If you have a physical obstruction or a structural abnormality in the urinary tract that makes infections more likely, you will need to undergo surgery

How can you prevent bladder infections?

If you have experienced 3 or more bladder infections within the past year, then these preventive measures may help you:

  • Drink more water; Drink at least 6 to 8 glasses of water a day.
  • Wear cotton underwear.
  • Urinate as soon as you feel the need to.
  • Urinate soon after sexual intercourse
  • Avoid using condoms and diaphragms with spermicides in them; Change to an alternative form of contraception.
  • If you are a female, wipe from front to back after urinating.
  • Prophylactic antibiotic treatment – Your doctor may prescribe you low dose antibiotics to be taken daily or when you feel the symptoms of bladder infection. You may also be given a single dose of antibiotic drug after sexual intercourse.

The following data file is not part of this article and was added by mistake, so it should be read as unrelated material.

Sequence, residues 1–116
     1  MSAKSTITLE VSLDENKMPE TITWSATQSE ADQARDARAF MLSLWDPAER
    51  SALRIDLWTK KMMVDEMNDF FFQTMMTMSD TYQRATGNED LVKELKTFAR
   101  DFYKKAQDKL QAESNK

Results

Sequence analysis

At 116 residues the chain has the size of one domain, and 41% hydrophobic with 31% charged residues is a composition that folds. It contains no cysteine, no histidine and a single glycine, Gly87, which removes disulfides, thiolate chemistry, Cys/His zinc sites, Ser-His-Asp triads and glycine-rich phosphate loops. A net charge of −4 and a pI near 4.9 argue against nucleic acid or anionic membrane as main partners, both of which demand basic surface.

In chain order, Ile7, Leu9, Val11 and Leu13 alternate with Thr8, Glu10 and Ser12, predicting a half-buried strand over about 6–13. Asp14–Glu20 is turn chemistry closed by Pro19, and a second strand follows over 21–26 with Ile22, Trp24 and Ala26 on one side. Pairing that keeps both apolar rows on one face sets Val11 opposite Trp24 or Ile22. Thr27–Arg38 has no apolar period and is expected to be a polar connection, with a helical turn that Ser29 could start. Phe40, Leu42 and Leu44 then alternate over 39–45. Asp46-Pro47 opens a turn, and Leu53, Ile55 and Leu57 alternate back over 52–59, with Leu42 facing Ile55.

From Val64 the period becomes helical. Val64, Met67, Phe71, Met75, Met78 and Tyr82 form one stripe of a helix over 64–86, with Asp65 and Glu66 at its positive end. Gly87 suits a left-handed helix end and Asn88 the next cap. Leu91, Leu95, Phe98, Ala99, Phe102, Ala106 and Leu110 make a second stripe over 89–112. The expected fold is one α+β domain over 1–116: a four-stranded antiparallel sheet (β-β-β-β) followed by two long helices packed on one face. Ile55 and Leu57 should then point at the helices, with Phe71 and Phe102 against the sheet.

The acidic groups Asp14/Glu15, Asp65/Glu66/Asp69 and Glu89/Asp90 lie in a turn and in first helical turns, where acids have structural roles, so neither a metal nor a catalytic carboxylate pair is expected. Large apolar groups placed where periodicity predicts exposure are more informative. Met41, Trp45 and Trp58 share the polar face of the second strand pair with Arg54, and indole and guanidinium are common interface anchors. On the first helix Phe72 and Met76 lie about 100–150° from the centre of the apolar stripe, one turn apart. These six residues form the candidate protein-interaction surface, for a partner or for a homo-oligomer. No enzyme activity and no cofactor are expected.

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Thilini Gunawardane
About Thilini Gunawardane 28 Articles
I am a final year medical student and I'm currently doing my clinical rotations in a private hospital. A huge people-person, an open minded who spent several years in the field of Medicine. I am at my final year on Medicine and clinical rotations at a Hospital (Dr Neville Fernando Teaching Hospital (NFTH). My long term run is to be a consultant one day and serve everyone in need. This has always been in my bucket list and I myself as a go-getter, will make my promisses and prove it to my self. Every-day I wake up knowing how little I know and I work for it. I learn, I use all my sources I have. Working online, I have gained so much experience and learned many things that a person should have in a working environment, time/project management, satisfying the client, meeting deadlines on time.